The idea came up during my university days. My younger sister eventually died when I was at university and she was on holiday in Nigeria at the time. We were just trying to rally around to try and find a way to sort of fly her even into Abuja to see a specialist there. We were ready to fly her there, but we couldn’t and she was too sick to be taken all that way by road. I think a lot of people in Nigeria usually find themselves in that situation: Maiduguri to Abuja by road, Maiduguri to Lagos by road, Kano to Lagos by road. It’s very difficult, if you’re critically ill to spend hours on the road. Even if the person is on oxygen, he might consume one bottle of oxygen per hour. So you know, you need to take about 20 bottles of oxygen in one ambulance to do that journey with the road and the traffic. It is actually very, very difficult. And a lot of people die, not because help isn’t available anywhere or the specialist that they need to meet isn’t available anywhere, but simply because they were in the wrong place at the wrong time. And my sister died because she was in the wrong place at the wrong time. So I started thinking about the problem more and more and in the UK, there are actually very few major hospitals with level one trauma centres. where anybody that has a major accident goes to. In the whole of London, I think there are only maybe three because the investment needed to put up the centres with all the specialists is very high. But what they do have are ambulance services. In the UK alone, I think that there are probably close to 100 operational air ambulance services. Some are for premature babies; some for adults, and they are in every region to make sure that nobody dies because they are in the wrong place at the wrong time. The same with countries like Switzerland. For instance, they have an air ambulance based in every part of the country, making sure that nobody is 15 minutes away from a major trauma centre at any point in time. So the more I started thinking about these problems and seeing air ambulances landing in the accident and emergency unit of where I worked, I knew exactly what I wanted to do.
Did your parents buy into the idea of investing in Nigeria straightaway?
I think obviously, my parents, like any other parents, had double minds about it. I had already gotten a very good job in the UK, and I was earning well, even for my first job. So the first thought was that I was throwing away an opportunity. Again, they were worried about how I was going to live and cope with the level of insecurity in Nigeria. They were worried about whether I would be able to still come back and have my training number to continue in UK, in case I failed in Nigeria. And I think it was a difficult decision for them. They were also worried about their ability to finance it, because they didn’t have money to give me for support. They didn’t really know so much about business, especially business in Nigeria. But ultimately, they gave their blessing and I just bought a one-way ticket to be here.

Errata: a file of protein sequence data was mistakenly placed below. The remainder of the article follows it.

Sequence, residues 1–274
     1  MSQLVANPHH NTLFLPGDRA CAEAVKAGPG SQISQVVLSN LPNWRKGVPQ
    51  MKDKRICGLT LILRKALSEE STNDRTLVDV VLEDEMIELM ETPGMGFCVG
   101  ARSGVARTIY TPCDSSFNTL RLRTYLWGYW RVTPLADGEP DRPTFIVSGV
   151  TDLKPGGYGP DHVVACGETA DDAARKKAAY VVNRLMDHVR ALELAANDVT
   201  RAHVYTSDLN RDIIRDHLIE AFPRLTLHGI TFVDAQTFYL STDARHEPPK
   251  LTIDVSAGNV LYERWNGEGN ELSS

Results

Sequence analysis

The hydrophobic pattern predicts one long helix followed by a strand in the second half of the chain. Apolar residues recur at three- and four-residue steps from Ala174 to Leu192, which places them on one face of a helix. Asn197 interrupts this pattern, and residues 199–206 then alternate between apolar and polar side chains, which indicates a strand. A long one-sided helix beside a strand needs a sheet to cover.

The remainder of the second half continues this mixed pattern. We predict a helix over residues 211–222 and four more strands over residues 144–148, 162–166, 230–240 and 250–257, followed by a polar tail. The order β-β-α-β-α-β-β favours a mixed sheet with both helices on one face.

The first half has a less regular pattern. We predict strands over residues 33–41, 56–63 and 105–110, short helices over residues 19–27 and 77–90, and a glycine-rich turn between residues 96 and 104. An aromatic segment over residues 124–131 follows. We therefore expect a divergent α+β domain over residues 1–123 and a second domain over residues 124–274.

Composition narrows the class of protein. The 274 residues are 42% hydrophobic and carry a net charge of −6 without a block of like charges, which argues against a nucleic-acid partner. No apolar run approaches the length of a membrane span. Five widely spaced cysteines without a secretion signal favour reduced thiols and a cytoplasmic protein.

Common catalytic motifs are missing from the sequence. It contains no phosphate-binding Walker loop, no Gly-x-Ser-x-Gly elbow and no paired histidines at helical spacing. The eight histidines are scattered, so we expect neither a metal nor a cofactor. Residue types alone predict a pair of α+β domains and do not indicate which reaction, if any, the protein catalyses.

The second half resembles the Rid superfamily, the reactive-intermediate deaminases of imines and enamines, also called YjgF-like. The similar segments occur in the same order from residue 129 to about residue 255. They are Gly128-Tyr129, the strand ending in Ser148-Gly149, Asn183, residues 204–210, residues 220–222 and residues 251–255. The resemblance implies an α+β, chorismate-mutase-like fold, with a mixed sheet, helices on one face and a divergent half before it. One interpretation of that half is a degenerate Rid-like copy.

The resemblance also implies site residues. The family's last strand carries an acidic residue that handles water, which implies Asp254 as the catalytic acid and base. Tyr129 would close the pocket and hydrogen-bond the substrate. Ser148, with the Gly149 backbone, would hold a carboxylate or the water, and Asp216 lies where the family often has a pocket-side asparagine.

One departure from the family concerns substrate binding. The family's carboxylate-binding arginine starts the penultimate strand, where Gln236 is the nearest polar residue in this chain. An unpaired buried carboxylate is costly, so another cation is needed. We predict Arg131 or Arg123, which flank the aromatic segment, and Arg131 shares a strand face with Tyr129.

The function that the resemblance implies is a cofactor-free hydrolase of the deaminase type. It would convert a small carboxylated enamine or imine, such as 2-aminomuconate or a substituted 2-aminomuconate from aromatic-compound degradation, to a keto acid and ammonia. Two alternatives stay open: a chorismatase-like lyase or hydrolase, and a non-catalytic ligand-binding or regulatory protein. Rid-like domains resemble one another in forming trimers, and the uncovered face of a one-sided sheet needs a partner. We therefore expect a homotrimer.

Did you ever have any low moment that are you still thanking God for?
I was once involved in a car crash on Uyo-Calabar road. I was supposed to be working in Calabar the next day and the driver left with the car and the one I drove was about to explode and my leg was stuck. So I really thought I was going to die, but luckily, for me, people on the side of the road managed to get me out of the car. So, I still got to Calabar the next day, but that was the most frightening time, of my life.
How did you meet ‘Daddy’?
(Laughs) His father was very ill. So, he contacted the company to fly him from Canada and when he came to the office, our doctors were already with him. But I gave him my card. So, he called to say “thank you”. A few months later, he asked me out for a dinner just to review his father’s condition and I obliged him (laughs). I obliged [to have dinner with him] just to review and then… he just kept on calling me after that (laughs). Actually, I wasn’t sure what he was getting at. I just thought he was very worried about his dad and very concerned and very appreciative about what we did. And then I started realising that it was a bit more than that. I was surprised. I didn’t expect it. I think I realised quite late because a lot of clients actually keep in touch with us. It’s a life-saving service and a lot of people want to appreciate us. So I just thought he was one of them, but he just seemed a bit more persistent than a regular client. I’m very passionate about [my work] and he seemed really comfortable with that and I think that was a major thing that made our friendship developed.
There must be that particular thing he wants you to stop doing…
Hmm! What has David changed about me? I think the best thing for me about being married is that it has made me accountable. I have had a partner before, but not somebody that I lived with. David holds me accountable to all of my goals – business goals, personal goals – and keeps me on track in a more personal way. We got to self-development as well, which is really important to me.
Do you have ‘must haves’ in your wardrobes?
Wardrobes? Nothing. I’m not attached to anything in my wardrobe. I probably have maybe two or three pairs of shoes. So, I don’t care about this at all. And in terms of clothing, I will mix the same thing every day. To be honest, you would never see me wearing something, say, glamorous.